Spent last week in sunny Las Vegas at Photoshop World. Thankfully, Las Vegas is also air conditioned, as this resident of the Great White North is not a fan of excessive heat. Nothing more Canadian than whining about the weather, eh?
While the conference was at the Mandalay Bay conference center, I did actually venture out this year a few times. Even managed to get to the other end of the Strip on the second day to try out indoor skydiving. I would do that again in a heartbeat, as it really was a lot of fun.
While I was honored to be a finalist in the Guru Awards illustration category again this year, I didn’t bring home an award. Hey, can’t win them all, and even if I had been fortunate to win again, it wouldn’t have been able to live up to last year’s experience which really did open a lot of doors for me. Keeping them open, however, is now up to me.
Photoshop World is a mixture of education, networking (yeah, that word annoys me, too), and socializing. This year, I managed two of the three fairly well, so I’ll touch on each.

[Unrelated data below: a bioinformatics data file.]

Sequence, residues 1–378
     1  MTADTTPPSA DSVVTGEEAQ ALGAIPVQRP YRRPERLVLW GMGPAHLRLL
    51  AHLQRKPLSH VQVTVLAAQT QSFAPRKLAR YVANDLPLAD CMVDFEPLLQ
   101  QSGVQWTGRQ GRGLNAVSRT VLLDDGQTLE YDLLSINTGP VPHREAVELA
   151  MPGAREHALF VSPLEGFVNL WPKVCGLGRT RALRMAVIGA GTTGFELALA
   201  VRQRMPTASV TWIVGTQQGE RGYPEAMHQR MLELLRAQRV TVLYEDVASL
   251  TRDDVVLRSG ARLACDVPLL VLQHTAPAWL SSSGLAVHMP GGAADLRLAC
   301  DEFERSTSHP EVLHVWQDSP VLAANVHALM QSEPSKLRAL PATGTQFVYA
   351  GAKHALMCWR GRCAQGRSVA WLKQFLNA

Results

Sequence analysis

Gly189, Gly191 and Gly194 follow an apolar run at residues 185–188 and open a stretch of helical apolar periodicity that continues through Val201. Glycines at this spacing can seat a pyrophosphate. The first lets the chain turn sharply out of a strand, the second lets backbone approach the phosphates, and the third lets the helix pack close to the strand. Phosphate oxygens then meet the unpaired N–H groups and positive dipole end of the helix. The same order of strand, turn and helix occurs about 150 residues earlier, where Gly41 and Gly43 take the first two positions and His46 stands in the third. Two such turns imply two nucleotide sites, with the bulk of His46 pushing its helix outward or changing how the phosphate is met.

The social aspect of this conference is always a good time. Throughout the year, I regularly communicate with other creatives through email and social media, attend some of the same online webinars and events, and share information on the NAPP forums. This is the one time of year I get to see many of them in person, some of whom I consider good friends. There is a lot to be said for hanging out with other creatives. You find out that many of the problems and challenges you face on a day to day basis as a freelancer are shared by people of similar professions. And often, they’ve come up with solutions and workarounds you might not have considered.